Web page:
dancing as an adult.

A conversation I have quite frequently is about my dance troupe.

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“I see that you’re doing burlesque now!” folks will say to me, usually with one eyebrow raised. The statement itself provokes a particular image–a scantily clad woman slowly taking off her clothes to the cheers of others, engaging in consenual objectification, and using her body as a weapon of mass arousal. The raised eyebrow can mean several things–intrigue, disapproval, a “Does your mother know about this?” gaze. 

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Photo by Andrea Coon Photography

“It’s technically not burlesque,” I say to lead into a winded explanation about what my dance troupe is and represents. Although our moves can be cheeky, the sentiment behind what we do is empowerment and appreciation of our female bodies–these incredible beacons of strength and power. We dance not necessarily because we want to get you hot, but to get our own pulses racing–the sheer thrill of being on stage combined with the enjoyment of sisterhood.

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Photo by Andrea Coon Photography

But…what if we were burlesque? What if we got down to pasties and thongs and paraded across the stage–proud of our female forms and grace? What if I made light of sexuality by using only a fan to cover my lady bits, only to reveal that I had on a strap on the entire time? Would this be less empowering? Would this be demoralizing? Would this be anti-feminist?

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Photo by Rodney Smith of Tempus Fugit Designs

There isn’t a short-cut answer to these questions, and I don’t claim to be an expert on everyone’s morality. I know that for me, it’s empowering to learn intensive choreography, wear body forming and flattering outfits, and perform in front of sold-out crowds of people. I know my own strengths and limitations, and it is because of my dance troupe that I have been brave enough to push my own ideas and goals to a whole new threshold. After the music ends, I feel happier and more of a feminist than I ever have in any women’s studies classroom argument.

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Photo by Andrea Coon Photography

I have been living by a particular phrase for awhile now, and I think it definitely applies here: what is good for you, may not be good for me. What is good for me, may not be good for you. That doesn’t make either of us better or worse than the other. I’m no better a woman because I have the confidence to go on stage and get down with my bad self in front of strangers. You are no better because you don’t think you ever will. Being a woman is such a constant struggle of battling our own internal demons–the ideals of body perfection, life balance, and being simultaneously sexy and demure is exhausting. Our identities are not just defined by our talents and interests, but also our bodies and faces. It sucks, to be blunt.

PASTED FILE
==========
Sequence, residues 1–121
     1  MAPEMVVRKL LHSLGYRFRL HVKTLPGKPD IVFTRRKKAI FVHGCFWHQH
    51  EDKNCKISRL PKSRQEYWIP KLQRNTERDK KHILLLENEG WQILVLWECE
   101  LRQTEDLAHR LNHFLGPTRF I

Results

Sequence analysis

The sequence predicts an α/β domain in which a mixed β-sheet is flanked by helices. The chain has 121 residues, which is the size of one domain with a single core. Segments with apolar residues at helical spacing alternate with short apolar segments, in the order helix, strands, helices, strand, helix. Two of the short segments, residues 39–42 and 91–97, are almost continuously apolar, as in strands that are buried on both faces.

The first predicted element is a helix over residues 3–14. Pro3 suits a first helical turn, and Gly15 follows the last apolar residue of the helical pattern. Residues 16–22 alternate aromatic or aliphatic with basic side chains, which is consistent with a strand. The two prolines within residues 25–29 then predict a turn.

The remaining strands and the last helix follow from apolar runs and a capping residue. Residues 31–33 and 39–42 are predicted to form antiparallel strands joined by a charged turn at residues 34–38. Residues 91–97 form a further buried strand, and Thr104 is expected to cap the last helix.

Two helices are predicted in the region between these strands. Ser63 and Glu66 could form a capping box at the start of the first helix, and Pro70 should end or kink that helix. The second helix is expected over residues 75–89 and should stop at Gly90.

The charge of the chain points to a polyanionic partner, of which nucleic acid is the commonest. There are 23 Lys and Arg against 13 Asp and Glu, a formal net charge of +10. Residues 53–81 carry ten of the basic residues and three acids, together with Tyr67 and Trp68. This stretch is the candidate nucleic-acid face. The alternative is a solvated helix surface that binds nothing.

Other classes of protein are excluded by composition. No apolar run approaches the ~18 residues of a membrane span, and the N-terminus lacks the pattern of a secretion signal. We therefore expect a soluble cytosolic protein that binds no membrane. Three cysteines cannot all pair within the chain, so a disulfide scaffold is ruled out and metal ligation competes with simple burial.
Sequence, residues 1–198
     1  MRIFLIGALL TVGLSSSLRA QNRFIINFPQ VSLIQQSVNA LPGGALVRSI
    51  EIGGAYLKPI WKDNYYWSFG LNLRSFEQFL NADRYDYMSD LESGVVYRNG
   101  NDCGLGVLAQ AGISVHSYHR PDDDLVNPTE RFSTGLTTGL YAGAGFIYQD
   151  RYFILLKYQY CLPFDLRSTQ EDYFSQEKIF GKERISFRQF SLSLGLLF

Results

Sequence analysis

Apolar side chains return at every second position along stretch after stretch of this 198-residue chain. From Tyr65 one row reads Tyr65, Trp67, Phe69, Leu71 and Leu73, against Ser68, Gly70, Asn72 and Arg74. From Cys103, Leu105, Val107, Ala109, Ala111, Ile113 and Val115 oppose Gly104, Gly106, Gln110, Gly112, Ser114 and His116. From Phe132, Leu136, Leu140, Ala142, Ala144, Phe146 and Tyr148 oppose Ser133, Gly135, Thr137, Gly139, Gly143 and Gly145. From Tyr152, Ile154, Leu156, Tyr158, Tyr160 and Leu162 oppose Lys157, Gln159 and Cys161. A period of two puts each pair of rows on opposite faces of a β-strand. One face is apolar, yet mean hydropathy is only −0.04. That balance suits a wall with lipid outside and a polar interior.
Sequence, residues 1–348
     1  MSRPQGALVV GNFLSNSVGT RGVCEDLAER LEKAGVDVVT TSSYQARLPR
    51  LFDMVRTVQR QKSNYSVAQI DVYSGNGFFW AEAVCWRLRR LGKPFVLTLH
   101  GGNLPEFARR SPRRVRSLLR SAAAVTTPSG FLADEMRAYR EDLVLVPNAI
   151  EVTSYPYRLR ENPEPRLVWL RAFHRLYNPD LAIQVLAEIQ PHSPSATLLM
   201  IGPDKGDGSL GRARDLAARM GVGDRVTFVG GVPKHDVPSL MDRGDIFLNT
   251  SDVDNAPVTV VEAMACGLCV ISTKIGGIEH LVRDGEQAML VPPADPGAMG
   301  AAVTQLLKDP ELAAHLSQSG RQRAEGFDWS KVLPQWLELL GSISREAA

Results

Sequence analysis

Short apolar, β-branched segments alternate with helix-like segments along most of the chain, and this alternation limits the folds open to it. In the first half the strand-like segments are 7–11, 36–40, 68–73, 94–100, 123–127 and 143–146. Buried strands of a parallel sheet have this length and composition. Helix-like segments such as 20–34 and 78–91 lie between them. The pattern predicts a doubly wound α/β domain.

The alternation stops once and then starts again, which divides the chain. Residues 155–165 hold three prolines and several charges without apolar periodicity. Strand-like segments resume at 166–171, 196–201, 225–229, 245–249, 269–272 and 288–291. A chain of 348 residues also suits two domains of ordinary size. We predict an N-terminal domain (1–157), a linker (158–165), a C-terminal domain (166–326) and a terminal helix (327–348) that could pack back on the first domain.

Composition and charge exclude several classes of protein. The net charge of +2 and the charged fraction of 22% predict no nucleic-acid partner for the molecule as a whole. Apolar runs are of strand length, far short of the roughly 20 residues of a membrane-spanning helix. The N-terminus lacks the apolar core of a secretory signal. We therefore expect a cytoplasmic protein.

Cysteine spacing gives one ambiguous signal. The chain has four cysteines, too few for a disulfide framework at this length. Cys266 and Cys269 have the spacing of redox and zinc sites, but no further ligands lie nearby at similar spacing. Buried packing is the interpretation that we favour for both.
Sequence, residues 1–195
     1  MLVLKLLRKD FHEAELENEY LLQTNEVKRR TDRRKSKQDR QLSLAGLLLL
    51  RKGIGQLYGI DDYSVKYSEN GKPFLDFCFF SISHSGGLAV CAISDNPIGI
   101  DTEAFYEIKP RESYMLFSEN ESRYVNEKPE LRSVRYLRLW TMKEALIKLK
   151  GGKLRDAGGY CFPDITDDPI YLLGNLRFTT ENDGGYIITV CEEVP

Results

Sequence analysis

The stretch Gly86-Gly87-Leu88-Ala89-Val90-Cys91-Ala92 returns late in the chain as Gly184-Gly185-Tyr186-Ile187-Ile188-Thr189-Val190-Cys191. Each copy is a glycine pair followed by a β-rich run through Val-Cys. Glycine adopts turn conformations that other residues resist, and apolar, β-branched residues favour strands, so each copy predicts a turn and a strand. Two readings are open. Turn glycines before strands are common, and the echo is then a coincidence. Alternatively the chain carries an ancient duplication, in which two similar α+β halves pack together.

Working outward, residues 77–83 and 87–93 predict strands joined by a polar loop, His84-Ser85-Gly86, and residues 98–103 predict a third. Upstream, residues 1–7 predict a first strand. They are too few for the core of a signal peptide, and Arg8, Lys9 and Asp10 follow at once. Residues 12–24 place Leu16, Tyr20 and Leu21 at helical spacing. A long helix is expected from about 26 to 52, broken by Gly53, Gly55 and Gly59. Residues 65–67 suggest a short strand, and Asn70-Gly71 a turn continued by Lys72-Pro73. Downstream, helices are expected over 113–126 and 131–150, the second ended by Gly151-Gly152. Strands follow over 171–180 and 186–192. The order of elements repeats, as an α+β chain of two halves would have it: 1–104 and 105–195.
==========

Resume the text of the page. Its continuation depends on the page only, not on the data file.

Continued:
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So if I can find something that chips away at those insecurities of imperfection, and highlights the things I like most about myself…what’s the damage to me? To you? To our society? I would argue that there’s no damage at all…just healing. In the past year and a half, I have grown in leaps and bounds. I am healthier, happier, and stronger than I have been in years. And what do I owe it all to?

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Photo by Rudy Aguilar

A little rump shaking, a whole lot of hairspray, and a ton of hard work and practice.

I encourage you all to find that passion, goal, or vision that relaxes you, frees you, that heals you. There’s no wrong answers when it comes to growth, and I want all the people I care about to explore the potential of these answers. You’re awesome, and the world needs to see it.

So why don’t you show it off?

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Photo by Rudy Aguilar

Come watch me and my troupe work our butts off for you all. “Les Femmes Mystique Presents: Secrets Travel Fast in Paris” is this Friday, April 24th at 8pm. There will be a variety of local acts, including comedy, puppetry, and tarot readings. Early tickets are $12, $15 at the door. Get ’em while you can at http://www.etix.com/ticket/online/performanceSearch.jsp?performance_id=6238215 .

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